People who love watching TV shows from a variety of streaming services have always been aware of the shortcomings packaged in their boxes, especially for folks that use Android TV set-top boxes or Fire TV by Amazon. This is because the two tech corporations had in the past been entangled in a brawl that saw each party limit some of its services on its platform. Mainly, this has been the case of apps such as Prime Video that has been unavailable for the lion’s share of Android-powered boxes and Android TVs, as well as lack of access to YouTube app on Fire TV.
A couple of months ago, the two companies struck an agreement to end the unnecessary rivalry, probably because they understood that customers were suffering, including yours truly. The developments of the deal have borne fruits as of today: people who use Fire TV can now access the YouTube app that was pulled down from the platform in the past. The app is said to support Amazon’s voice assistant, Alexa, and can also be downloaded from the platform’s store, Amazon Appstore.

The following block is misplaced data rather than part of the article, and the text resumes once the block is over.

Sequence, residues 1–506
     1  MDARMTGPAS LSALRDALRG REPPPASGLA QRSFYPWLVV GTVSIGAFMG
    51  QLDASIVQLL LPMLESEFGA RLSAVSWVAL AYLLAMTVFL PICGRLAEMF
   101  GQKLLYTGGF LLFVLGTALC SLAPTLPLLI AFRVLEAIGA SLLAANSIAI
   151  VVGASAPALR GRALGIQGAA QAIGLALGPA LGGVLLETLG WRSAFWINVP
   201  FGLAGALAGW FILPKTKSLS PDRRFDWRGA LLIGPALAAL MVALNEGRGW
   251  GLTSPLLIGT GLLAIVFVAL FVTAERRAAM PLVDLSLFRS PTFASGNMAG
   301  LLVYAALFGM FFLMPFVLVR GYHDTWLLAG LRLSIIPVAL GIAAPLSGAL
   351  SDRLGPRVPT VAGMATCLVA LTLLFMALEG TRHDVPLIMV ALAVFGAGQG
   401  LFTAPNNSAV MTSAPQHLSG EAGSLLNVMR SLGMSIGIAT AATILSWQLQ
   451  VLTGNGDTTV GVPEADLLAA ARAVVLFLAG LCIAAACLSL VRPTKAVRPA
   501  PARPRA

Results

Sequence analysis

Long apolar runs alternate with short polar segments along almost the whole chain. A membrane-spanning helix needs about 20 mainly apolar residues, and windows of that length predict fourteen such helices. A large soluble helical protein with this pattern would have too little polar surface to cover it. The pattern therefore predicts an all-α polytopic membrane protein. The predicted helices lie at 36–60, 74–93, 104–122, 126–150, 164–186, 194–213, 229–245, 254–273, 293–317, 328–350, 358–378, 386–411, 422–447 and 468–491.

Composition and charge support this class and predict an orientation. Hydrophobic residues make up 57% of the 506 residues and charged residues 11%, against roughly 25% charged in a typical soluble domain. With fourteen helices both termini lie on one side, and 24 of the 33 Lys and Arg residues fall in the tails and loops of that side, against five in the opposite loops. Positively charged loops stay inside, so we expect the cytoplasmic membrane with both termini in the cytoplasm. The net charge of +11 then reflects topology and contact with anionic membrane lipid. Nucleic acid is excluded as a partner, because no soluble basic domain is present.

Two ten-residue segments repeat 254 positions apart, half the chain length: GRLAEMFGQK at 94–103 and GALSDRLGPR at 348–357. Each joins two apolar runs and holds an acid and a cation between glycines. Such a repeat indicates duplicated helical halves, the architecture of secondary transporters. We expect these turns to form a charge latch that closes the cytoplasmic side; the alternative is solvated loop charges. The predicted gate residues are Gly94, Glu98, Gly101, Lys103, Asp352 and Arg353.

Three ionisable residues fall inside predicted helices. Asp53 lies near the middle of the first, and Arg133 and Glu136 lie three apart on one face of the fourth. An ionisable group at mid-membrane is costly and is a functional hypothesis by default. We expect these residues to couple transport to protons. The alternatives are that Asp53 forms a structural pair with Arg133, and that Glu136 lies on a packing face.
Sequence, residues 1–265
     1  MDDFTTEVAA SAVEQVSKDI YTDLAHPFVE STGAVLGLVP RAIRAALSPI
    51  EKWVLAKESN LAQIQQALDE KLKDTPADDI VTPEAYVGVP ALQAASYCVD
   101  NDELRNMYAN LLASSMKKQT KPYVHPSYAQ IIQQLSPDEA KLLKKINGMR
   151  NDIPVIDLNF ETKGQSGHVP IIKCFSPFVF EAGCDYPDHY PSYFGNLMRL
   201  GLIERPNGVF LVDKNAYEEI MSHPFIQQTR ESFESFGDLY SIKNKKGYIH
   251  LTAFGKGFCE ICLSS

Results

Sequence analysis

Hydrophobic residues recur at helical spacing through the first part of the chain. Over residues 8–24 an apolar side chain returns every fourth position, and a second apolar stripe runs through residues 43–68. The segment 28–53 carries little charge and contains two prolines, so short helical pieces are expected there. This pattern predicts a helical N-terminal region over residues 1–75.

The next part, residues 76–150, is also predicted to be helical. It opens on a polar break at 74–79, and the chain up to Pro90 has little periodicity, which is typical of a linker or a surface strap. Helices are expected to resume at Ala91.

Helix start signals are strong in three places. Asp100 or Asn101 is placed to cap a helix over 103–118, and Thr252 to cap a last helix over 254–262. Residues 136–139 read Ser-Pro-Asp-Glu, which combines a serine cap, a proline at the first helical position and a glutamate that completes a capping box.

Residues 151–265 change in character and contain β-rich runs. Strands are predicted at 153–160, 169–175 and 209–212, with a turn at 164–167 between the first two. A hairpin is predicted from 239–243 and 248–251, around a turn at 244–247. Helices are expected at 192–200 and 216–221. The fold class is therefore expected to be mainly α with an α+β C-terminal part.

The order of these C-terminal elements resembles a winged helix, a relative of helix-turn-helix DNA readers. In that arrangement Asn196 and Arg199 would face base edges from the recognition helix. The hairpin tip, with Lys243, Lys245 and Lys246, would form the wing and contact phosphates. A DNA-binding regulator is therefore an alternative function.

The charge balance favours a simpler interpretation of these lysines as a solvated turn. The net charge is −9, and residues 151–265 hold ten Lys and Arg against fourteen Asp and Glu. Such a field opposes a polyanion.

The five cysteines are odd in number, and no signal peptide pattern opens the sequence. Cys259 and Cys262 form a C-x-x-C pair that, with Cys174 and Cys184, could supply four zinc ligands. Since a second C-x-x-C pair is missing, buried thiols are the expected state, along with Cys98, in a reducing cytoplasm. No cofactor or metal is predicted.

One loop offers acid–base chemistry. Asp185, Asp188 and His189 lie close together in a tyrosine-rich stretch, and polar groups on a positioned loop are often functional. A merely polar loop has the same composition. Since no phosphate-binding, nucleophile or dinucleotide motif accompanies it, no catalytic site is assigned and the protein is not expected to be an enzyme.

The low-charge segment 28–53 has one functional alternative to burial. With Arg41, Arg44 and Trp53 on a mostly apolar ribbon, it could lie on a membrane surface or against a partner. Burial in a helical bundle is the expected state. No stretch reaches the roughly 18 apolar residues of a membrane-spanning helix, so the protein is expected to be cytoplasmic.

And now, the good news is here for a lot of people: those running any kind of Android TV STB can now access Prime Video and stream their favourtite movies and shows without sideloading the app through hacks that have demonstrated their unreliability. This means that you can now get to watch Two and A Half Men, among other Prime exclusives like Bosch as I have wanted to do, but couldn’t because of the previous limitations.
It is worth noting that the Prime Video app may not appear in Google Play at the moment, but word from the search giant says the app is spreading to more areas. I have already set up mine, and it works flawlessly. I have the Mi Box 3 by Xiaomi that, through no fault of its own, has never played well with the streaming app. Now, it functions as I want it to, and as you have probably seen it work on certified boxes like the Nvidia Shield and other platforms such as Tizen and WebOS.
This development has also given me a reason to keep the Box around for some time amid plans to ditch it for something that supports all popular streaming services. The update shows how settling business rivalries for essentials while eschewing frivolities can pay off, especially when a product such as Prime Video is popular and has the economies of scale for its users.